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Eucalyptus stowardii

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Fluted-horn mallee


Eucalyptus | Symphyomyrtus | Bisectae | Glandulosae | Erectae | Pedicellatae

Eucalyptus stowardii Maiden, J. Roy. Soc. New South Wales 51: 457 (1917).

T: Kwelkan, a few miles N of Kellerberrin, W.A., Apr.-May 1917, F.Stoward 150; holo: NSW.
Mallee to 5 m tall. Forming a lignotuber.
Bark smooth throughout, grey over bronze to silvery pink.
Branchlets have oil glands in the pith.
Juvenile growth (coppice or field seedlings to 50 cm): stems rounded in cross-section; juvenile leaves always petiolate, alternate, ovate to lanceolate, 8–11 cm long, 2–8 cm wide, dull, bluish green.
Adult leaves alternate, petioles 1.3–3.3 cm long; blade lanceolate to slightly falcate, 6–13.8 cm long, 1.2–3.3 cm wide, base tapering to petiole, margin entire, apex pointed (often a drip-tip), concolorous, green, glossy, side-veins at an acute or wider angle to midrib, reticulation sparse to moderate, intramarginal vein present, oil glands island, large, slightly irregular.
Inflorescence axillary unbranched, peduncles narrow and only slightly flattened, spreading to down-turned, 1.5–3.5 cm long, buds 7(9), pedicellate (pedicels 0.3–1.2 cm long). Mature buds bluntly elongated-ovoid ((1.6)2.2–3.9 cm long, 0.6–1 cm wide), conspicuously finely ribbed, scar present (outer operculum falling early), operculum rounded and more or less as long as the hypanthium, stamens erect, anthers oblong, versatile, dorsifixed, dehiscing by longitudinal slits, style long and straight, stigma blunt to rounded, locules 4, the placentae each with 4 vertical rows of ovules. Flowers creamy white.
Fruit pedicellate (0.2–1.2 cm long), cylindrical to cupular with several conspicuous longitudinal ribs, 1.2–1.8 cm long, 0.9–1.5 cm wide, disc raised annular or level then descending, valves 4, held at about rim level.
Seeds blackish brown, 0.7–2 mm long, ovoid to flattened-ovoid, dorsal surface shallowly and clearly reticulate, hilum ventral.

Cultivated seedlings (measured at node 10): cotyledons Y-shaped (bisected); stems rounded in cross-section; leaves always petiolate, opposite for 2–4 nodes then alternate, deltoid to broadly ovate, 8–11 cm long, 4–8 cm wide, dull greyish green.
Flowering Time

Flowering has been recorded in June, August and September.


A mallee endemic to Western Australia, occurring in the north-central part of the wheatbelt from Dowerin north and east to Carnamah, Wubin and Chiddarcooping. The stems are smooth and the adult leaves very glossy green.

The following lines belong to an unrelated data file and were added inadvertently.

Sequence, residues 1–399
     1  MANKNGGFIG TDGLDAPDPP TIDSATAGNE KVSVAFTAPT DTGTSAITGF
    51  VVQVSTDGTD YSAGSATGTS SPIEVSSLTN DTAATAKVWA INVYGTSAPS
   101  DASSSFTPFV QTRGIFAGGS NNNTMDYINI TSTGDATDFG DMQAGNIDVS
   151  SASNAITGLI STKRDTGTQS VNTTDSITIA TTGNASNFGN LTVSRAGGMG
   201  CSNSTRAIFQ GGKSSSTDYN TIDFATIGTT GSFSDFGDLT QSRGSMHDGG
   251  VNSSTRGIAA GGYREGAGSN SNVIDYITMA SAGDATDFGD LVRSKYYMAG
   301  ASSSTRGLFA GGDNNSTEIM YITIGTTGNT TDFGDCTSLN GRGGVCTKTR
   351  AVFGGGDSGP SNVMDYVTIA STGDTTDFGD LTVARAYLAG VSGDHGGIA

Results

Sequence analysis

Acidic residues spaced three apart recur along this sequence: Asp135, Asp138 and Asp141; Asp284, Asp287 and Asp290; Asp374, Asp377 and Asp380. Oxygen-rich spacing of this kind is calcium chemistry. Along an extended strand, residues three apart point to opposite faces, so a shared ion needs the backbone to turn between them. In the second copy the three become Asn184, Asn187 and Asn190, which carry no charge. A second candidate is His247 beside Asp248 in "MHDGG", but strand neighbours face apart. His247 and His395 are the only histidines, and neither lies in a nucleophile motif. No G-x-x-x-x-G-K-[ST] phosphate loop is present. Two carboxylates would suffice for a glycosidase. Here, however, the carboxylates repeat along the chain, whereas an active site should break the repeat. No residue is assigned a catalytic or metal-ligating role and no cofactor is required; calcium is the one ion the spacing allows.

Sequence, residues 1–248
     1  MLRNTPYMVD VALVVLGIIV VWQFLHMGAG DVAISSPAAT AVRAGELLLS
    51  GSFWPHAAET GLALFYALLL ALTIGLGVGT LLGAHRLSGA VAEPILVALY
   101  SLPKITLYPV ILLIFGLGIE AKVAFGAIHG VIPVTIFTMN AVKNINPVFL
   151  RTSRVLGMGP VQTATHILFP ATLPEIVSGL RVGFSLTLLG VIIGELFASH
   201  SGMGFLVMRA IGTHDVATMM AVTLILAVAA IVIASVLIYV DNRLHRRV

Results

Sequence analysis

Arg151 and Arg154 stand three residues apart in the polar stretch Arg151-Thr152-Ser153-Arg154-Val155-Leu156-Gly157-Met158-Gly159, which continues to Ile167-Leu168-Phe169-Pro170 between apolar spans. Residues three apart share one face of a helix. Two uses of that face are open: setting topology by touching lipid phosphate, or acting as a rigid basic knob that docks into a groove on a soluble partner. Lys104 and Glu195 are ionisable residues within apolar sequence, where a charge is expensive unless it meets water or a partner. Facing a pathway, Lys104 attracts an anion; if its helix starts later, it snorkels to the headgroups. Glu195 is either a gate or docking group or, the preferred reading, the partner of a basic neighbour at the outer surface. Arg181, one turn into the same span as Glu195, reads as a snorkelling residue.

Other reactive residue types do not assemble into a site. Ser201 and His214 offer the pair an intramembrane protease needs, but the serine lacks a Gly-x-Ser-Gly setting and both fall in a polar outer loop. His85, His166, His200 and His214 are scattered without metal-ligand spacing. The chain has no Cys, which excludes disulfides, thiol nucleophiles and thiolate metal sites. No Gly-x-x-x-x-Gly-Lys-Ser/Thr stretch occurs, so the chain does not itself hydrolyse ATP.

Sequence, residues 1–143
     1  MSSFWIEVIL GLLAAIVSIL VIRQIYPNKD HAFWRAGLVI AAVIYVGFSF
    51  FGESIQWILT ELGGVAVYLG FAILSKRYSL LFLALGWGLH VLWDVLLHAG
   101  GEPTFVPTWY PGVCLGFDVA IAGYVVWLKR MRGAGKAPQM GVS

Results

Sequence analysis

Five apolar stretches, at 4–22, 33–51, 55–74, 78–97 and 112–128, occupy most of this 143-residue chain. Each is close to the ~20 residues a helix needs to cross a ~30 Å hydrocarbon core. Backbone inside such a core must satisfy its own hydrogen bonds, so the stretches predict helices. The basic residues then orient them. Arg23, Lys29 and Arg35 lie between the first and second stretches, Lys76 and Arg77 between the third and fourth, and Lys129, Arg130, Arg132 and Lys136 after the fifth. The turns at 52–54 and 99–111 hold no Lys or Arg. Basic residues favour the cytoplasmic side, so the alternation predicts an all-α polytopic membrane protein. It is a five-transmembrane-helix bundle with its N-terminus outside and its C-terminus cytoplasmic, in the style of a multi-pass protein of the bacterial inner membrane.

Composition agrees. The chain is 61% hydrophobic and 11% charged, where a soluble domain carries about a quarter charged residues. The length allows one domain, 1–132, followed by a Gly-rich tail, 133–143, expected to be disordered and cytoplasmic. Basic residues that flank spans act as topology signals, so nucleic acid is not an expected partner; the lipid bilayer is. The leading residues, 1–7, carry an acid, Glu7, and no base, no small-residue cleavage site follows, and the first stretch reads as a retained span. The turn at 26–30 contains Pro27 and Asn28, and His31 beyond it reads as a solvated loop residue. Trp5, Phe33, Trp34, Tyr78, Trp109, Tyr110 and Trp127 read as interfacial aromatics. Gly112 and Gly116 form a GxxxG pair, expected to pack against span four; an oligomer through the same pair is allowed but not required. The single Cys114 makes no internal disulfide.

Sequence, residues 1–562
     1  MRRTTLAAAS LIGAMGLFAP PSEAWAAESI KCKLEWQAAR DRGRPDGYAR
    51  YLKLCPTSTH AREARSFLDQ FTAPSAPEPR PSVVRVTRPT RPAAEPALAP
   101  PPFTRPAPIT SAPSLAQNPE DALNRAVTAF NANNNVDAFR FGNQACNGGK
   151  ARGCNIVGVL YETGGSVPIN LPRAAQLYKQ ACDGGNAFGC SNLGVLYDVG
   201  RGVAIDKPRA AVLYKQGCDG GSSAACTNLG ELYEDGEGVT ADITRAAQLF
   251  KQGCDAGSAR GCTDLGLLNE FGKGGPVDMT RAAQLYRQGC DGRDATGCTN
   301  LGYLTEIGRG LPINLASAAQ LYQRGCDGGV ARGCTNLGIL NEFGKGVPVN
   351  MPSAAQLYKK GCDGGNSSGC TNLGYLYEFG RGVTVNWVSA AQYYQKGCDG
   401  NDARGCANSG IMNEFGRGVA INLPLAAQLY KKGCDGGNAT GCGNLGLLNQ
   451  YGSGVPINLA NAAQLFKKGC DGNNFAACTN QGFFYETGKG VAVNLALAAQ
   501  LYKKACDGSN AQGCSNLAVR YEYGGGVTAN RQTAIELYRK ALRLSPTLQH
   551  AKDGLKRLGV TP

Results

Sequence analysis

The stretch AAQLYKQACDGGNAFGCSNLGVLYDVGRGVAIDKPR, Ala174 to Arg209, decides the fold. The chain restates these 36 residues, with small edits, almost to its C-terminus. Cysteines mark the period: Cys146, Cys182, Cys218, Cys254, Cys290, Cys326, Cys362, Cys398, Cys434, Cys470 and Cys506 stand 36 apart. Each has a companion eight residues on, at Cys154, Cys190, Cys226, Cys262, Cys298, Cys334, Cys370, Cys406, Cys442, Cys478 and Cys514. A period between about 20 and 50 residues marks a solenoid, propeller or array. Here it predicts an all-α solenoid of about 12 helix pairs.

Eucalyptus stowardii belongs in Eucalyptus subgenus Symphyomyrtus section Bisectae subsection Glandulosae because the buds have an operculum scar, cotyledons are bisected and branchlets have oil glands in the pith. Within this large subsection (ca 80 species). E. stowardii belongs to a group of mallees and mallets (series Erectae subseries Pedicellatae) recognised by the glossy green leaf surface, leaves with many oil glands but not obscuring the secondary venation, peduncles long and flattened or terete, inflorescences spreading and buds with a long operculum and erect stamens arising from a narrow staminophore.

Eucalyptus stowardii differs from its closest relative, E. diminuta, by having slightly larger, shallowly ribbed rather than weakly striate buds and broader glossy green leaves. It occupies sites of decomposed granite whereas E. diminuta occurs on rocky hillsides or breakaways of laterite, sandstone or kaolinitic rubble.

E. stowardii and E. diminuta can be distinguished from E. eremophila and E. tenera by the ribbed or striate blunt buds on more slender peduncles, and non-glazed glossy leaves with visible side-veins. E. sargentii, a species of saline depressions, differs from E. stowardii because it has smooth (non-striate), more slender buds and usually a short stocking of rough bark.

Origin of Name
Eucalyptus stowardii: after Frederick Stoward (1866–1931). Frederick Stoward migrated from England to Australia when he was 15 years of age. He was a member of the Hardy wine-making family. He studied wine-making under Bertrand at the Pasteur Institute of Paris and on his return to Australia held a position at the Royal Park Laboratories, Melbourne. From 1911 to 1919 he was botanist and plant pathologist with the Department of Agriculture in Western Australia and later returned to the family wine business in South Australia. Whilst in Western Australia he collected the type specimen for this species.
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